20 Aug 2014

National's campaign not harmed - English

1:14 pm on 20 August 2014

The National Party's election campaign is not being derailed by fallout from the Dirty Politics book, the party's deputy leader Bill English says.

Bill English during the G20 meeting in Sydney in February.

Bill English. Photo: AAP

A week on from the release of the book by Wellington writer Nicky Hager, the Prime Minister John Key is facing constant questions about Justice Minister Judith Collins' actions in passing information to a blogger.

Mr English told Radio New Zealand's Morning Report programme he did not believe voters were as concerned as the media is about matters raised in the book.

"I've been out campaigning in Christchurch, Dunedin, I'm in Motueka today - I can almost guarantee no-one will raise it.

"People do have a real interest in whether the economy is going to kick on, deliver them wage increases, what's going to happen with their interest rates and they're waiting for the politicians and the media to get back to it."

Mr English said Ms Collins was a minister with a good track record. "I certainly do back Judith Collins as a minister who's out there campaigning to get National re-elected," he said.

Nicky Hager's book Dirty Politics outlines how Ms Collins passed to right-wing blogger Cameron Slater the name and phone number of a public servant she suspected of leaking information about Mr English double-dipping on his housing allowance to the Labour Party.

The public servant, Simon Pleasants, was subsequently criticised on the Whale Oil blog and received death threats.

Mr Key said yesterday he accepted Ms Collins stance that Mr Slater already knew Mr Pleasants' name but said it was still unwise to hand over the information.

A public law specialist at Victoria University's School of Law said passing on the details of a public servant could violate the Cabinet manual.

Dean Knight told Radio New Zealand's Nine to Noon programme the action risked compromising public service neutrality and Mr Pleasants' privacy, and he believed that would be of interest to the Privacy Commissioner.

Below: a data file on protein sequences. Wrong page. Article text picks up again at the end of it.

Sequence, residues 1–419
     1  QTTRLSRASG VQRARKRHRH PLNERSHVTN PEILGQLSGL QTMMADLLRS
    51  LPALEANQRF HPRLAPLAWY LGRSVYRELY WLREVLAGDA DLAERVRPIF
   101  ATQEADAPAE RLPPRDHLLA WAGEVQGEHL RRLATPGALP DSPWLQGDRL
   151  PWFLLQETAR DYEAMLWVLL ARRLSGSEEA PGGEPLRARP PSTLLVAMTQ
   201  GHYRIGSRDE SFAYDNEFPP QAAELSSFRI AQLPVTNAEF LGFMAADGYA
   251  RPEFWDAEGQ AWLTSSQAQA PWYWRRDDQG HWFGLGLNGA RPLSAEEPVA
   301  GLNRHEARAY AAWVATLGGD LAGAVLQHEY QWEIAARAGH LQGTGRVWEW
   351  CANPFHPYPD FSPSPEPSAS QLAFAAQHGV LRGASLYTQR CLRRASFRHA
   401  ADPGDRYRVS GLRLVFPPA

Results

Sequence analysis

Papakura voters say revelations harmful

Voters in Ms Collins' electorate of Papakura told Radio New Zealand yesterday the revelations were harmful to the National Party's image.

Judith Collins

Judith Collins speaking to media at Parliament in May. Photo: RNZ / Chris Bramwell

One woman said she found Ms Collins' conduct had harmed her reputation.

"I did trust and believe in her, but she showed too many indiscretions, and she's using her lawyer's knowledge to get herself out of it all the time," she said.

While some said it was the kind of behaviour needed from strong politicians, another said the minister was pushing the boundaries and not being "straight up."

But in Christchurch, several voters said it was Nicky Hager's book that was damaging, and was distracting New Zealanders from the main election issues.

One interviewee said the book was just used as a tool to cause damage before the election, and that Mr Hager was a conspiracy theorist.

Another Christchurch resident said it was harmful for democracy.

"It's not allowing the New Zealand people to hear the real campaign which should be about the various parties' policies," she said.

In the regions, voters had a range of views, from apathy, disillusionment, to unwavering support for the Prime Minister.

Judith Collins has held the Papakura seat since 2008 and at the last election had a majority of almost 10,000 votes.

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